Tag Archives: Merriam-Webster

Word by Word

“The process of creating a dictionary is magical, frustrating, brain wrenching, mundane, transcendent. It is ultimately a show of love for a language that has been called unlovely and unlovable.”

Unlovable? Bah! English may be a strange, amorphous beast, but its quirkiness is its charm. In Word by Word: The Secret Life of Dictionaries, Kory Stamper, a lexicographer at Merriam-Webster, captures this charm with verve and infectious enthusiasm. She brings to life a profession that, like many old trades, has been disrupted by the internet, in good ways and bad, yet still (I believe) remains vital. The institution of Merriam-Webster, Stamper writes, “has been around longer than Ford Motors, Betty Crocker, NASCAR, and thirty-three of the fifty American states. It’s more American than football (a British invention) and apple pie (ditto).”

Then again, as one of those people who keep a word list and lights up when I stumble upon a new fancy word, I’m an easy mark for a book like this. But I’ve also tried similar books written by word or dictionary people, and none of them hooked me like this one.

Tackling a different word or phrase with each chapter, Stamper addresses the typical ongoing lexicographical catfights—is “irregardless” a real word (technically), do people who write “it’s” instead of “its” deserve to die (no)—but also ventures into muddier terrain. How should “bad” words like “bitch” be handled? How to modernize the “nude” definition (in the pantyhose color sense) without racializing it? How to respond to the write-in campaign to eliminate the “same-sex” aspect of the “marriage” definition (because removing a word from the dictionary removes it from existence, apparently)?

The chapter on the word “take” is especially illuminating. You’d think the obscure ten-dollar words would require more work to nail down, but those are relatively easy; it’s the small words like “take” and “but” that are more demanding because they have so many different uses and senses, most of which native English speakers don’t even consider. I now have a vastly greater appreciation for the thousand and one small choices that go into every dictionary edition, and not only from the definers but the etymologists, word daters, pronunciation editors, and proofreaders who somehow corral the incorrigible, ever-expanding, often insensible English language into something approaching order.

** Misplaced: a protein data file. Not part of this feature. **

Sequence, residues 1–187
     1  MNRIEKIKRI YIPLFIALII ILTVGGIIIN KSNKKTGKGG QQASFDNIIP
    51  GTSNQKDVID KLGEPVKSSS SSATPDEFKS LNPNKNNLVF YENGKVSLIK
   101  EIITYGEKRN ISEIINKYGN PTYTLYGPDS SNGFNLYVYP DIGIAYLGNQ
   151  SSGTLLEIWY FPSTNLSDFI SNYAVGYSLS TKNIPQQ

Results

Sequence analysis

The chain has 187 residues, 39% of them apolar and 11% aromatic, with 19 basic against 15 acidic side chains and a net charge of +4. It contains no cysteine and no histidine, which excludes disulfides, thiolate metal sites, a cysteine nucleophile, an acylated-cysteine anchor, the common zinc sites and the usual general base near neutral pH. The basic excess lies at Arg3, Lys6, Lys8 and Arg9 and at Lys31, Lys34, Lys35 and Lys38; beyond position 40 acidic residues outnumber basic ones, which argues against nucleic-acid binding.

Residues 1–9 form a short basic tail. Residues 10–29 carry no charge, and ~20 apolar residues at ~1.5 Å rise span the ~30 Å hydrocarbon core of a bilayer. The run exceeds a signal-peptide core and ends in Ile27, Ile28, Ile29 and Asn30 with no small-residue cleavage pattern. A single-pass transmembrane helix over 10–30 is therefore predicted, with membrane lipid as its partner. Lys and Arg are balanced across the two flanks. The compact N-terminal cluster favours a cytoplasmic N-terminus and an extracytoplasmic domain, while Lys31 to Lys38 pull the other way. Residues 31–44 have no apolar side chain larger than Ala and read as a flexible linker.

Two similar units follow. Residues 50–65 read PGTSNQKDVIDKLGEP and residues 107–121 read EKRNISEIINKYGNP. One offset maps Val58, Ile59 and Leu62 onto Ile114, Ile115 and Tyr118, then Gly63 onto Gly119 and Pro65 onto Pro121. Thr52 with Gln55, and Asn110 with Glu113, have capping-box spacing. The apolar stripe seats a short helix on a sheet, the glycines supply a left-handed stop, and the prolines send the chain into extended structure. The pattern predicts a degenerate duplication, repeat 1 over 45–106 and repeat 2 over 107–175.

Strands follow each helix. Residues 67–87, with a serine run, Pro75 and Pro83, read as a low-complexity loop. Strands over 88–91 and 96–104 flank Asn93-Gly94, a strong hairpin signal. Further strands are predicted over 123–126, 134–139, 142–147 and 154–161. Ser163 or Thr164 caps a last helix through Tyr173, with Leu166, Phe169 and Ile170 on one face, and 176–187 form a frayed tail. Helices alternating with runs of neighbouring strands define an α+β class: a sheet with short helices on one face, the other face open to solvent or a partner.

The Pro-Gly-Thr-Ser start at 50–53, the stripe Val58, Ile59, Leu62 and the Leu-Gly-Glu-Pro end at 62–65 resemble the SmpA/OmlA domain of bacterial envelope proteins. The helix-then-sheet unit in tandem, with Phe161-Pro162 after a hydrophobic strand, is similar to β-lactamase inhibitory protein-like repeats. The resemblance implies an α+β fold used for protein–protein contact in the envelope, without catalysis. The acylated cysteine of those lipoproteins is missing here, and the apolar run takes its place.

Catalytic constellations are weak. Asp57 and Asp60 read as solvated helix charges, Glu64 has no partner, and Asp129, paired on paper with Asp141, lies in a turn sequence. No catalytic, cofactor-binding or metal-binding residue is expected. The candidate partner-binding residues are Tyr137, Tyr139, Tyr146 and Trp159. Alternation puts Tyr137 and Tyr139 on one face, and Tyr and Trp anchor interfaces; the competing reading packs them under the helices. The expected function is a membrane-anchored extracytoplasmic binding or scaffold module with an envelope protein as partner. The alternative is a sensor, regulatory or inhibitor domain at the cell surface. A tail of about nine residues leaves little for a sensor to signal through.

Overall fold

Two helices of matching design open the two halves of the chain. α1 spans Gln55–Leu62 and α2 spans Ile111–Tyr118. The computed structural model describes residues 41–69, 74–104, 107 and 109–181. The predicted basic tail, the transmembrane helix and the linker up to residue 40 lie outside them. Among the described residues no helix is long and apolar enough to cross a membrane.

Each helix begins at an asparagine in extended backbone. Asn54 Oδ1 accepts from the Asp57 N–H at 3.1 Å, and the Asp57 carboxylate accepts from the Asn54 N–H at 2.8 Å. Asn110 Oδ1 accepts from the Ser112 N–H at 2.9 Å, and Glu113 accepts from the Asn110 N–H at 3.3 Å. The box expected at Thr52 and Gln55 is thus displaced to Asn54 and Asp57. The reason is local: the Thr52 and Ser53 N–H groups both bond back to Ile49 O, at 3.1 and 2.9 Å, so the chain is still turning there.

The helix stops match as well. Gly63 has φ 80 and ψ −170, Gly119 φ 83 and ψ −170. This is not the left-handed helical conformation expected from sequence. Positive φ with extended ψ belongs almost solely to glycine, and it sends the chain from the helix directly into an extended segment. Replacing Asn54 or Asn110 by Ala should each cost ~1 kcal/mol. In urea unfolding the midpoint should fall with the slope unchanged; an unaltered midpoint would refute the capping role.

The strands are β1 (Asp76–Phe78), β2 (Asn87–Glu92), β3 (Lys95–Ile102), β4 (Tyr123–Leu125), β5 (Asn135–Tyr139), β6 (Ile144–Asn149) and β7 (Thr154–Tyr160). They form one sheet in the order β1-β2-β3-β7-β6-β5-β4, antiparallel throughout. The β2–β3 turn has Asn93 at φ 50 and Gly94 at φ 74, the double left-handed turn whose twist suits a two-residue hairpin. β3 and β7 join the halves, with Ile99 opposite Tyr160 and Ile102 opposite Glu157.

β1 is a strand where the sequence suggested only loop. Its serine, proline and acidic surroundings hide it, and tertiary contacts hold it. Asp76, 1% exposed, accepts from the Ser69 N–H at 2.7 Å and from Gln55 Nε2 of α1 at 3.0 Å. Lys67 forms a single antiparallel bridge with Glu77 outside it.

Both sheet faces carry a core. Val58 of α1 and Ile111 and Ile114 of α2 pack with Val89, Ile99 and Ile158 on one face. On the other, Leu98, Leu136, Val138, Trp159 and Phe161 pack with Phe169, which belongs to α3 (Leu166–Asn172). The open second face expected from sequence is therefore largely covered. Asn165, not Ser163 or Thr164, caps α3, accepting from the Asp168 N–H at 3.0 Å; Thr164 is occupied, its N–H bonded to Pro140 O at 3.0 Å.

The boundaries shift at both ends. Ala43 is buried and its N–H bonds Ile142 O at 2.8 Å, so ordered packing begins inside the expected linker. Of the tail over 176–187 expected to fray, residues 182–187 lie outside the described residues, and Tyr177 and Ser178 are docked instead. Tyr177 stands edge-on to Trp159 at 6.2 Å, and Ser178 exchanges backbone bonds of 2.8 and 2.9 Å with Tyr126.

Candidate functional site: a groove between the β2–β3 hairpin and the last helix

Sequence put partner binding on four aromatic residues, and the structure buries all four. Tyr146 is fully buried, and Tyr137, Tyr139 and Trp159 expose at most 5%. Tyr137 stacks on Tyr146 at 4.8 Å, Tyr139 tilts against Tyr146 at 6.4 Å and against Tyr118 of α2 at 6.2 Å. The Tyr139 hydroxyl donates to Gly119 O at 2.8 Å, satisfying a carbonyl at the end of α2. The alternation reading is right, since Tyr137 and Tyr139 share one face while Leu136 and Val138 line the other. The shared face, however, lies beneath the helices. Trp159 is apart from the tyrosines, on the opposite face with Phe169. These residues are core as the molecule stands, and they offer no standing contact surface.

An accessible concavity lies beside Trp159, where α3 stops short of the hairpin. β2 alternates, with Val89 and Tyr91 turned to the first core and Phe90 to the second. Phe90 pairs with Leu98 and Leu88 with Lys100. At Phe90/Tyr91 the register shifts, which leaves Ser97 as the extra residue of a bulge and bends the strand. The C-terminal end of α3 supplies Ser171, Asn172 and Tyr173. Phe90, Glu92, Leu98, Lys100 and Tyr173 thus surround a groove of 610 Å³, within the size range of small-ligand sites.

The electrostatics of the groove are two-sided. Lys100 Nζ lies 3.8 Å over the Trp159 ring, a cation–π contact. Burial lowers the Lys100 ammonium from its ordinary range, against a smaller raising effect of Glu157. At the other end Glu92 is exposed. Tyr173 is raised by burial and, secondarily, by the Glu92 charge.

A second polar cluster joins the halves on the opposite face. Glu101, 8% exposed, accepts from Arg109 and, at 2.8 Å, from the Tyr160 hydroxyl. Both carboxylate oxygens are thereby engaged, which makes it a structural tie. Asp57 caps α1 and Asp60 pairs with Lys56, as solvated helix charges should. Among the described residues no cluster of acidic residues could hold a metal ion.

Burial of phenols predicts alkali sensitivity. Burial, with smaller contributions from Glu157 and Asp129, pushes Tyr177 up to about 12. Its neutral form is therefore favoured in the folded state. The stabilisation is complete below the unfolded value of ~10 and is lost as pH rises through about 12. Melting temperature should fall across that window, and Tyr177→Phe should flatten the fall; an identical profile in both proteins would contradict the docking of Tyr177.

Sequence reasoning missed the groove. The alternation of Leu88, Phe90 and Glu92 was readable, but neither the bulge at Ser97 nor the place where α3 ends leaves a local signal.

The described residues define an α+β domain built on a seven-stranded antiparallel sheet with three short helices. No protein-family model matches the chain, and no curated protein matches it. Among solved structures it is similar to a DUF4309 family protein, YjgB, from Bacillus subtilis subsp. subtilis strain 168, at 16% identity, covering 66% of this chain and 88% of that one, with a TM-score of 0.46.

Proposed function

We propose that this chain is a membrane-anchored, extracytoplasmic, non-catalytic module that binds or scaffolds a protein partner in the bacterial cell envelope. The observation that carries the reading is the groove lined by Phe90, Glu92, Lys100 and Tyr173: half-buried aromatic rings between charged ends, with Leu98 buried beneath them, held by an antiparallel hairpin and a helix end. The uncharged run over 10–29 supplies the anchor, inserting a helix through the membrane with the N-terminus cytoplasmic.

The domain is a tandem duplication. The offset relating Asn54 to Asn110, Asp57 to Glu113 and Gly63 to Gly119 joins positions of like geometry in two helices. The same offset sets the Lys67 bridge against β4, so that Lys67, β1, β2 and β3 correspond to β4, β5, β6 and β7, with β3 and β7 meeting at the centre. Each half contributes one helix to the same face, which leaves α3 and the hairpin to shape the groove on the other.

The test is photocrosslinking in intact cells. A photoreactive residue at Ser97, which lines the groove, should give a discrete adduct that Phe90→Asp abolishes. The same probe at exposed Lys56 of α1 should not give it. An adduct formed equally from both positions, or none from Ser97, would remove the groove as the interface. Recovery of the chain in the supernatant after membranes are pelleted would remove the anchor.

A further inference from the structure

But to do that, Stamper writes, requires all English speakers to think of the language not as a fortress to be defended within the paper walls of the dictionary, but as a child:

We love and nurture it into being, and once it gains gross motor skills, it starts going exactly where we don’t want it to go; it heads right for the goddamned electrical sockets. We dress it in fancy clothes and tell it to behave, and it comes home with its underwear on its head and wearing someone else’s socks. As English grows, it lives its own life, and this is right and healthy. Sometimes English does exactly what we think it should; sometimes it goes places we don’t like and thrives there in spite of all our worrying. We can tell it to clean itself up and act more like Latin; we can throw tantrums and start learning French instead. But we will never really be the boss of it. And that’s why it flourishes.

Hear, hear! And may dictionaries flourish along with it.